Canadian Prime Minister Justin Trudeau accused Facebook of putting “corporate profits ahead of people’s safety” on Monday after the platform blocked access to news content while Canadians deal with devastating wildfires.
Facebook began banning news on Aug. 1 following a Canadian law approved earlier this summer requiring tech companies to negotiate payments to news outlets for content posted on their platforms.
“It is so inconceivable that a company like Facebook is choosing to put corporate profits ahead of ensuring that local news organizations can get up-to-date information to Canadians, and reach them where Canadians spend a lot of their time; online, on social media, on Facebook,” Trudeau told reporters during a news conference on Monday.
Meta, Facebook’s parent company, said the law forces it “to end access to news content in order to comply with the legislation” in a statement to the BBC. The company noted there is a “Safety Check” feature available to people living in evacuated areas that allows users to mark themselves safe and gives them access to “reputable information, including content from official government agencies.”
Trudeau said Facebook’s ban is “bad for democracy because democracy depends on people being able to trust high-quality journalism and of all sorts of different perspectives and points of view.”
“Right now, in an emergency situation, up-to-date local information is more important than ever,” he added.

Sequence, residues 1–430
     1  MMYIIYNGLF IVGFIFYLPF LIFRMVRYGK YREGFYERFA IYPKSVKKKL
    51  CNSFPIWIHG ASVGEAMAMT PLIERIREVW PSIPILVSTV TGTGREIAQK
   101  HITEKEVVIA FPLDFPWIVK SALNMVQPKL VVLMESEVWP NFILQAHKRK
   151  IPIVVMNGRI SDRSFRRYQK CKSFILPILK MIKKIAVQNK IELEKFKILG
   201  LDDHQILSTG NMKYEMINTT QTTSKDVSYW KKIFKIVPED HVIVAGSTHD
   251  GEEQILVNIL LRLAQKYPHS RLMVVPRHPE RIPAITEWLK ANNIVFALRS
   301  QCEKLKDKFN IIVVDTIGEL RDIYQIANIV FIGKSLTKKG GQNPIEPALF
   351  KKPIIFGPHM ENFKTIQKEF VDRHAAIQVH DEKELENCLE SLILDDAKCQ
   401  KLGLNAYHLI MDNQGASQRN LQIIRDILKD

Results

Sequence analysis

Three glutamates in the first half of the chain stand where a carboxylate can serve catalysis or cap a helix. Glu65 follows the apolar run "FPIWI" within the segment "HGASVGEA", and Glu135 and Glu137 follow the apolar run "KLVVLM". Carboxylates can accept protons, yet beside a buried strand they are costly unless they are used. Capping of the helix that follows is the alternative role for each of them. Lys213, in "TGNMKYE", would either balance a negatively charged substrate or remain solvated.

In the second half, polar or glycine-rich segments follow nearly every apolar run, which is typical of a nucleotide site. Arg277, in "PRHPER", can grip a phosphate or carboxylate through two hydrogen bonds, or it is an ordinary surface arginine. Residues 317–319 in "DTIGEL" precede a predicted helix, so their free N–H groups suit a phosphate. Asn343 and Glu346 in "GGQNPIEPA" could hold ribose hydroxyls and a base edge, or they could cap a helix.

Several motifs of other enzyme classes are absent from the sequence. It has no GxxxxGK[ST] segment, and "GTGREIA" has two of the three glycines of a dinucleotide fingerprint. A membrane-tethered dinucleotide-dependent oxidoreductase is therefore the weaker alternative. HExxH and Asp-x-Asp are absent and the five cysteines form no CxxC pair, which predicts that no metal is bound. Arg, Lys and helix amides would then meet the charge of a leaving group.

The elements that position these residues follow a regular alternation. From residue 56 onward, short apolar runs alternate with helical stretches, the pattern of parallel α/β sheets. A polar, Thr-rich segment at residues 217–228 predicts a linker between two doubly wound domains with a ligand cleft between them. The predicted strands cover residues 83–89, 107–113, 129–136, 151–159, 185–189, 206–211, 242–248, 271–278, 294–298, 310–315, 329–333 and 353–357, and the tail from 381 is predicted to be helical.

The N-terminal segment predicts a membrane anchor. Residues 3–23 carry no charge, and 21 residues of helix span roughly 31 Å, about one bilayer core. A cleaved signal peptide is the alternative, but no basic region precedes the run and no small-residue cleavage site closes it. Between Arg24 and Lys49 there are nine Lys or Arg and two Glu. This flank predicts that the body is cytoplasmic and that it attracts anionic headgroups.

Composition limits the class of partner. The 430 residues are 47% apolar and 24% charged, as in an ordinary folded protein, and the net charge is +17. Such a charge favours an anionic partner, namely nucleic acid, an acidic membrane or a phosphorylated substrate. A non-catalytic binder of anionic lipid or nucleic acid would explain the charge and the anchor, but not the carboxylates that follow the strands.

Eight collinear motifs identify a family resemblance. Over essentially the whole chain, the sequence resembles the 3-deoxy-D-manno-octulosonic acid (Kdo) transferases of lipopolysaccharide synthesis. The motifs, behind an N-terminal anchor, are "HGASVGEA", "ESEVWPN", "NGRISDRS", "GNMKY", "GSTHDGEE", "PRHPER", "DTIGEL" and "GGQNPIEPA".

The prime minister mobilized the military to help put out wildfires spreading in British Columbia as the western province experiences flames that prompted evacuation orders for tens of thousands of people.
Evacuees in the Northwest Territories, where a wildfire continues to burn nine miles away from its largest city of Yellowknife, told BBC that the ban has made it difficult for them to share life-saving information.
Under the new law, people in Canada cannot view or share news on Facebook and Instagram, including articles, videos and audio published by news organizations inside or outside of the country though content shared by Canadian outlets can still be viewed in other countries.
Meta previously said that the Online News Act is “based on the incorrect premise that Meta benefits unfairly from news content shared on our platforms, when the reverse is true. News outlets voluntarily share content on Facebook and Instagram to expand their audiences and help their bottom line.”
Alphabet, which owns Google, has criticized the law and said it also plans to block news in Canada.